In the discussion that follows, Kodwo Eshun and Anjalika Sagar of The Otolith Collective, remark on this ‘cinema of coalition’ that links up other struggles within Britain’s ‘geography of resistance’ at the time. The discussion also explores the complex and controversial production history of In the National Interest?, the formation of the workshop movement in 1980s Britain, the struggles of the workshops to invent a new language for television, the role played by the Independent Film and Television Department at Channel 4 and the legacies of oppositional film in Britain in the present.

This was a Militant Image event, an ongoing programme in which Iniva investigates radical film practice in association with the Otolith Group and with the support of the Department of Art at Goldsmiths College, University of London.

 

Maybe, she wrote to us… Nicaragua Part 1 – Voyages: The Posthumous Director’s Cut

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Voyages (1985), the first part in Marc Karlin’s extraordinary Nicaraguan series, comprises of stills by the American photographer Susan Meiselas. Between 1978 and 1979, Meiselas captured the two revolutionary insurrections which brought the FSLN to power in Nicaragua, overthrowing the fifty year dictatorship of the Somoza family. The film is in the form of a letter, written by Meiselas to Karlin. Through her own words, the film interrogates the responsibility of the war photographer, the line between observer and participant, and the political significance of the photographic image.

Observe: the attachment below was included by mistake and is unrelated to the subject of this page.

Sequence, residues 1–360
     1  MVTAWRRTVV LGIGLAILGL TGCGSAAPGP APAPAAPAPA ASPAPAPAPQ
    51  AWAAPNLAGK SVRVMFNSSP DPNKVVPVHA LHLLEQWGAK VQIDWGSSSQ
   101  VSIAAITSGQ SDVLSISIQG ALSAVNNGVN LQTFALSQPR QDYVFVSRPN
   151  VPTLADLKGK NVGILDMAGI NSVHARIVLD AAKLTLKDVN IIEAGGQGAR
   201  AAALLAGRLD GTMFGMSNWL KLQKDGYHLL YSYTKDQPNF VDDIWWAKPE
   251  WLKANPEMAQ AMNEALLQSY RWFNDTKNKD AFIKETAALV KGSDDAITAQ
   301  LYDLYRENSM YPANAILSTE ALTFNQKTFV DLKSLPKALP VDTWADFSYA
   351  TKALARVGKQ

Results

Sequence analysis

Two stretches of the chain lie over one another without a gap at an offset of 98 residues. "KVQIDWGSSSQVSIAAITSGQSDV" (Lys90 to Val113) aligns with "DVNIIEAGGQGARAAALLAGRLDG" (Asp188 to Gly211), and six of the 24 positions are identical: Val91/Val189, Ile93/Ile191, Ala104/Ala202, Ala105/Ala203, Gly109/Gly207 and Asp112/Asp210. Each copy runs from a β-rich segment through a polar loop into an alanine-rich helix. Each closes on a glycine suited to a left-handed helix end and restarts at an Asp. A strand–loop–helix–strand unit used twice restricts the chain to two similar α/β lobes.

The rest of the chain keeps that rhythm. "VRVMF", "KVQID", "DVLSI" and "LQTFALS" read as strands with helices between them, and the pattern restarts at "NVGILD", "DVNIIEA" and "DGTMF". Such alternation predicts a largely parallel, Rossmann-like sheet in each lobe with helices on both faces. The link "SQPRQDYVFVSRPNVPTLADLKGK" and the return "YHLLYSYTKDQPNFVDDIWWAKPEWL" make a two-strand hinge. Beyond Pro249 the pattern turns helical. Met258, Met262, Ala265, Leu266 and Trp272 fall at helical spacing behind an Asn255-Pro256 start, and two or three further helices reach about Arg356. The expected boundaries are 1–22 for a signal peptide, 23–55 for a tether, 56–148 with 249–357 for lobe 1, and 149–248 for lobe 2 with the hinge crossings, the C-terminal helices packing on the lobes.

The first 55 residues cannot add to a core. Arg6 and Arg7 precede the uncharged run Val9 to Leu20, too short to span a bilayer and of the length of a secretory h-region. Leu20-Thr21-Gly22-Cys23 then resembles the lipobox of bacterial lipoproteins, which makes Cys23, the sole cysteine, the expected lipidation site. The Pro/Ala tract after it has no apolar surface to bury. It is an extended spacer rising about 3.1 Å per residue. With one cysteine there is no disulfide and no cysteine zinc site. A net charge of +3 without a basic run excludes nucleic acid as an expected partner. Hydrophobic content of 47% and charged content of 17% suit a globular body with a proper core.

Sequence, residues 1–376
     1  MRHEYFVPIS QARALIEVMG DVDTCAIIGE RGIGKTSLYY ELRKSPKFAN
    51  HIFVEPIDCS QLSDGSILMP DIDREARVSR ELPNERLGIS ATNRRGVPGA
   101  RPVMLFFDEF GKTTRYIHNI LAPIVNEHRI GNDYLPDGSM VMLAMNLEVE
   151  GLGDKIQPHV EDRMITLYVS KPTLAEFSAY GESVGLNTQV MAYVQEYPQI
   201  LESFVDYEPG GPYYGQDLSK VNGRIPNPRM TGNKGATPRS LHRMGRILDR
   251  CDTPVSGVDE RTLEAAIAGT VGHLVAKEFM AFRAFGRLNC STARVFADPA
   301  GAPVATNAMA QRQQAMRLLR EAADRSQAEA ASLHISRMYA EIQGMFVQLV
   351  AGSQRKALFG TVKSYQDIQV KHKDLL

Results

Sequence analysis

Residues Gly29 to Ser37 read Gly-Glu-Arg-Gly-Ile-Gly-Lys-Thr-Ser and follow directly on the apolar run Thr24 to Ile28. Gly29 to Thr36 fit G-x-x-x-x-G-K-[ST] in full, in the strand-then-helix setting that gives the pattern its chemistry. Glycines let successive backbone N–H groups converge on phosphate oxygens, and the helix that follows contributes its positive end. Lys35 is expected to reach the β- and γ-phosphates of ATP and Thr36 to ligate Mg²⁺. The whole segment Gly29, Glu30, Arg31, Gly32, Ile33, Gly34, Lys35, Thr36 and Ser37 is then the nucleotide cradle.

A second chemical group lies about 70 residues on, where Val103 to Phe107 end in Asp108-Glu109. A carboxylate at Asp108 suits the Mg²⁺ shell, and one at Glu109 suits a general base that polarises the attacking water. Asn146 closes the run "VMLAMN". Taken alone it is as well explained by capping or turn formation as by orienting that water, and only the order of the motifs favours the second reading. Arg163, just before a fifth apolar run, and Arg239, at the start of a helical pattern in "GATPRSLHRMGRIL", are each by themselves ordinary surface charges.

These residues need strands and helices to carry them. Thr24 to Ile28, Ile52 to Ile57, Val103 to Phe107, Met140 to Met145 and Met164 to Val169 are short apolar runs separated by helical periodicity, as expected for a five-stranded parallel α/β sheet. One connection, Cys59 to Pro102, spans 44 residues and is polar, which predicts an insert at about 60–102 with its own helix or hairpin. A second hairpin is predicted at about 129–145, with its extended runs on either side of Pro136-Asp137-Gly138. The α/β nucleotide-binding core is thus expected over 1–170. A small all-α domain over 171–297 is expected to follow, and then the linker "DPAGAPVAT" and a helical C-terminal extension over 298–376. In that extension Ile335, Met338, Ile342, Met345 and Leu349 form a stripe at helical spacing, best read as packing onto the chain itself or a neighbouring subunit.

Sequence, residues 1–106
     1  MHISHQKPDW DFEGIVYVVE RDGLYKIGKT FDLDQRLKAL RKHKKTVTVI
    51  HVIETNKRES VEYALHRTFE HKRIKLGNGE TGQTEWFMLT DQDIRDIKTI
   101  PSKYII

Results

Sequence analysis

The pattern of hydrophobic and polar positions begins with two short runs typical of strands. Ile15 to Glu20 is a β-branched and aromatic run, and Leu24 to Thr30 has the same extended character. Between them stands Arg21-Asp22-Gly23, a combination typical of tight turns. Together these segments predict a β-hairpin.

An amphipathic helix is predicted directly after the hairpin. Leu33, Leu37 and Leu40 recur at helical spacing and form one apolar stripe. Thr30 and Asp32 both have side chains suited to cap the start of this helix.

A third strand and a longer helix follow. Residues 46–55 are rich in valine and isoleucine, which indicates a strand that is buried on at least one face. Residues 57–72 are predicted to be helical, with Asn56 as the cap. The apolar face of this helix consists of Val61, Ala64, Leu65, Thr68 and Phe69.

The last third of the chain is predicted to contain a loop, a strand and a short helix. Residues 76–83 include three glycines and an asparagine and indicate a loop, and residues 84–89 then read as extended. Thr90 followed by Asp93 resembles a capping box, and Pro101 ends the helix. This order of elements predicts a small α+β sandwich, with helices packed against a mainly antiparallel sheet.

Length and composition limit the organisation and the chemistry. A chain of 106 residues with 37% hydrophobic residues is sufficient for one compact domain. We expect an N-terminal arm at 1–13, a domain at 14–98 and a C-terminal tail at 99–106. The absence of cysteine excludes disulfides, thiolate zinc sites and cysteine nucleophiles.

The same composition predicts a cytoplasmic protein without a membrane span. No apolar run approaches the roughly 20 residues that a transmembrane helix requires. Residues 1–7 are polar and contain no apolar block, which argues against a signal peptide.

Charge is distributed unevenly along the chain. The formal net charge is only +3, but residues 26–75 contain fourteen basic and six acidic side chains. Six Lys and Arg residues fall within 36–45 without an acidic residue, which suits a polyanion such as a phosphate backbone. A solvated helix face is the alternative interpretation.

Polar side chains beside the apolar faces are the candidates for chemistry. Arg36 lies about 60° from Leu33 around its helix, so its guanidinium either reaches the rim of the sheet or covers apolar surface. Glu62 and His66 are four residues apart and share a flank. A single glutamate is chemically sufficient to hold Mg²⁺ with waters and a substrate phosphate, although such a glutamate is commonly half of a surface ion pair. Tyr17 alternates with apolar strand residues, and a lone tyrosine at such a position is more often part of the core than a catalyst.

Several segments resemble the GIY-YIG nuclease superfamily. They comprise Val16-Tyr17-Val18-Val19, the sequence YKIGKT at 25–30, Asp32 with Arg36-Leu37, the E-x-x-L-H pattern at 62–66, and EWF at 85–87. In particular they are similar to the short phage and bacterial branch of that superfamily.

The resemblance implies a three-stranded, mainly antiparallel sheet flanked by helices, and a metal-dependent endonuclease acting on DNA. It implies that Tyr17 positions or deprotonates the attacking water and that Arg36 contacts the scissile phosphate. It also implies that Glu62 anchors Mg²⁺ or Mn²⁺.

The film is composed of five tracking shots, each approximately ten minutes in length. Shot in a studio by Karlin’s cinematographer, Jonathan Bloom, the camera glides slowly over Meiselas’ blown up stills, shifting focus between images in the background and foreground, allowing the editing to be achieved in camera. The mediative camera movement accompanying Meiselas’ words, creates a distance for the audience, reflecting the photographer’s own separation from the events she witnessed. The studio space was a form Karlin used repeatedly, layering his films with structured, contemplative intervals in between segments of exterior, vérité investigation. Inside the ‘dark chamber’ objects, figures and monitors bearing images are caught in a single shot, gradually revealed by the meandering camera movement. The studio acts as a immersive space of thought and pre-empts the installations and large scale multi-screen projections within the gallery space today.